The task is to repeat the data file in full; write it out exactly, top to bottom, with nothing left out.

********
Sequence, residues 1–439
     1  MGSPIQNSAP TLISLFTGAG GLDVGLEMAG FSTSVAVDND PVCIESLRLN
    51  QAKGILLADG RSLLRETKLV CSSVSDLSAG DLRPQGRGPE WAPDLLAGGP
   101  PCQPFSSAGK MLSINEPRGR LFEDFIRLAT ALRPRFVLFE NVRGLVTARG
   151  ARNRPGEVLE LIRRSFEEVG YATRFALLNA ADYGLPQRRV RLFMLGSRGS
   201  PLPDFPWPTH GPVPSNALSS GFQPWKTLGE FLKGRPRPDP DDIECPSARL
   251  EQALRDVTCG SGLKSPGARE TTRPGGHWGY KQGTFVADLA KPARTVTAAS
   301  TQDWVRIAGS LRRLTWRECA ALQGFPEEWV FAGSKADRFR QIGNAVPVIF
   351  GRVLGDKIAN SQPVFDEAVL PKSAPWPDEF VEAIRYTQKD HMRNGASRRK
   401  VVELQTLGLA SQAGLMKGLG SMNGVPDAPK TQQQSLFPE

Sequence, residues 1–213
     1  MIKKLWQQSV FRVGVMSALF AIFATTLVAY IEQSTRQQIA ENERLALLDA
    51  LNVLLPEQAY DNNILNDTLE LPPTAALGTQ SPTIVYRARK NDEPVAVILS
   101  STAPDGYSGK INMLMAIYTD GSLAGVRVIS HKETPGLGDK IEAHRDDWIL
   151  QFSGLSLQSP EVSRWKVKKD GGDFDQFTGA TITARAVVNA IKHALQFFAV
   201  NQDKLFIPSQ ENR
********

Sequence, residues 1–439
     1  MGSPIQNSAP TLISLFTGAG GLDVGLEMAG FSTSVAVDND PVCIESLRLN
    51  QAKGILLADG RSLLRETKLV CSSVSDLSAG DLRPQGRGPE WAPDLLAGGP
   101  PCQPFSSAGK MLSINEPRGR LFEDFIRLAT ALRPRFVLFE NVRGLVTARG
   151  ARNRPGEVLE LIRRSFEEVG YATRFALLNA ADYGLPQRRV RLFMLGSRGS
   201  PLPDFPWPTH GPVPSNALSS GFQPWKTLGE FLKGRPRPDP DDIECPSARL
   251  EQALRDVTCG SGLKSPGARE TTRPGGHWGY KQGTFVADLA KPARTVTAAS
   301  TQDWVRIAGS LRRLTWRECA ALQGFPEEWV FAGSKADRFR QIGNAVPVIF
   351  GRVLGDKIAN SQPVFDEAVL PKSAPWPDEF VEAIRYTQKD HMRNGASRRK
   401  VVELQTLGLA SQAGLMKGLG SMNGVPDAPK TQQQSLFPE

Sequence, residues 1–213
     1  MIKKLWQQSV FRVGVMSALF AIFATTLVAY IEQSTRQQIA ENERLALLDA
    51  LNVLLPEQAY DNNILNDTLE LPPTAALGTQ SPTIVYRARK NDEPVAVILS
   101  STAPDGYSGK INMLMAIYTD GSLAGVRVIS HKETPGLGDK IEAHRDDWIL
   151  QFSGLSLQSP EVSRWKVKKD GGDFDQFTGA TITARAVVNA IKHALQFFAV
   201  NQDKLFIPSQ ENR